The Houston Area Survey has been measuring the attitudes of Houstonians for 29 years. The recently released 2010 report demonstrates that, at least in Houston, the only thing constant is change.
Only 20 percent of respondents (which totaled 750 Harris County residents) said their personal situation had gotten better this year, the lowest rate in the nearly three decades of the survey. Just two years ago, in 2008, the response was double that. This year, 32 percent said things were getting worse, up from 21 percent in '08.
As economic woes rise, enthusiasm for government initiatives is waning. Since 2006, the percentage of respondents who desire “federal health insurance to cover the medical costs of all Americans” has declined from 74 to 52.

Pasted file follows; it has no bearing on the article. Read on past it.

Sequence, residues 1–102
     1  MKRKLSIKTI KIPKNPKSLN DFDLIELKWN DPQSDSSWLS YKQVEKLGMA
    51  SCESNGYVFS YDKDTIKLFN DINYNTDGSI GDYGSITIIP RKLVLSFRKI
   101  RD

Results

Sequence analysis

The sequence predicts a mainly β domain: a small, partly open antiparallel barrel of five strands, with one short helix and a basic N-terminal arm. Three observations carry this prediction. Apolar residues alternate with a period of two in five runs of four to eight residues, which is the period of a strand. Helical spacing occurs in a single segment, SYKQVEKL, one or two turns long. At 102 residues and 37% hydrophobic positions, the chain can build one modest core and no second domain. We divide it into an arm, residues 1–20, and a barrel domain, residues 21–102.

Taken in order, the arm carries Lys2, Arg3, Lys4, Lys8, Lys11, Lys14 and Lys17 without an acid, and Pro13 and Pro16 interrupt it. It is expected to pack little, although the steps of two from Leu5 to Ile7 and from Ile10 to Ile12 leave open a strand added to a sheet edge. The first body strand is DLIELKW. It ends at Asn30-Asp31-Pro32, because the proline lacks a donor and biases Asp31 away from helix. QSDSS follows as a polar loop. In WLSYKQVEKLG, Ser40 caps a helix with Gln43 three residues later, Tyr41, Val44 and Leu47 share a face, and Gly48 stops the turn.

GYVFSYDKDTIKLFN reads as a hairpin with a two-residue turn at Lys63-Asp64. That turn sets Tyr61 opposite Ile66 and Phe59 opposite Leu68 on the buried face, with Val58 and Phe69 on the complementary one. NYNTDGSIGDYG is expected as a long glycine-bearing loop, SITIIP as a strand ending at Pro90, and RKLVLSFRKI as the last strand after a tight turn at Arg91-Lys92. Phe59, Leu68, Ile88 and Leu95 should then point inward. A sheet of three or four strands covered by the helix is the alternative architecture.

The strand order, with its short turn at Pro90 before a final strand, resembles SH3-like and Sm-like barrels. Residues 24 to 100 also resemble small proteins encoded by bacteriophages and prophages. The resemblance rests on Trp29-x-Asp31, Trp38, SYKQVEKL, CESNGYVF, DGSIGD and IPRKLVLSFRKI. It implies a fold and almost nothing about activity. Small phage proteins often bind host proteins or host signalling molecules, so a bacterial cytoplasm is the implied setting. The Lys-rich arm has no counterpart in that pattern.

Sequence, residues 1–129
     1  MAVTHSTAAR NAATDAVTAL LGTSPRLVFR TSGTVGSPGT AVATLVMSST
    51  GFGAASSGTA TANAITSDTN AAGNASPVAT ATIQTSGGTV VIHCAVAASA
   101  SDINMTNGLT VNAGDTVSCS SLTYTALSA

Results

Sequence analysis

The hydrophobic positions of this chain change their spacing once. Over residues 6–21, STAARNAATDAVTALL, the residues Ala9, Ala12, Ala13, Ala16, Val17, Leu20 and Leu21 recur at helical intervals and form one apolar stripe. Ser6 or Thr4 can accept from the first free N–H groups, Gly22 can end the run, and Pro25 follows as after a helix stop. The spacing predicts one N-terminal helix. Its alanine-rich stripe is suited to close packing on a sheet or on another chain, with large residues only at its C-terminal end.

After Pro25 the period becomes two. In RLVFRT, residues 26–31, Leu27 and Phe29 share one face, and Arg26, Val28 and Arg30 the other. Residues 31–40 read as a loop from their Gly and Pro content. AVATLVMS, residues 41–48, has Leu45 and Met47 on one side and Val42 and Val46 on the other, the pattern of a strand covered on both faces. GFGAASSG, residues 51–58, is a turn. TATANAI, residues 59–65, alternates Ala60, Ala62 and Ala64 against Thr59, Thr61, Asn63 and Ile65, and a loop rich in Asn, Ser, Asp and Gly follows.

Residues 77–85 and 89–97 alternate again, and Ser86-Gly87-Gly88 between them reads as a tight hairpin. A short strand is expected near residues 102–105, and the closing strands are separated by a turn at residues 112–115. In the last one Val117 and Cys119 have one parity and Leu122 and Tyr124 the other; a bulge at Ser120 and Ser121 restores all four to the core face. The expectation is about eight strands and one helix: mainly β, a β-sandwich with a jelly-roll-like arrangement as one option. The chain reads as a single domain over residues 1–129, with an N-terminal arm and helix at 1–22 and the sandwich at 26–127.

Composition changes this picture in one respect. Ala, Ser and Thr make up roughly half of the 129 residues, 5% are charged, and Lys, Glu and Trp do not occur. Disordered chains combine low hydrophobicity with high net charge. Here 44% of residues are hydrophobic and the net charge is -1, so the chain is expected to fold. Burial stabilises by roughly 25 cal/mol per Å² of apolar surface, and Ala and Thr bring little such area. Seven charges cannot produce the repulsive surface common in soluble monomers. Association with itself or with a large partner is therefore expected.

Houstonians remain upbeat about one thing, though: Houston. The survey has periodically asked how people would rate “the Houston area in general as a place to live.” The percent saying “excellent” or “good” has grown, according to the survey, "from 63% in 1983 and 75% in 2008, to 82% in 2010.”
Generally, the data indicates a growing acceptance of diversity in the city. Those who see growing ethnic diversity as “a source of great strength for the city,” increased from 60 percent in 2006 to 69 percent in 2010. Support for “homosexuals being legally permitted to adopt children” has jumped from 19 percent in 1991 to 52 percent today. In the last year, of course, Houston famously elected its first openly gay mayor, Annise Parker.
Rice University professors Stephen Klineberg and Michael Emerson oversee the Houston Area Survey, which recently moved into its new home at Rice’s two-month-old Institute for Urban Research. Further highlights from this year’s report are available in the right-hand column of this page.
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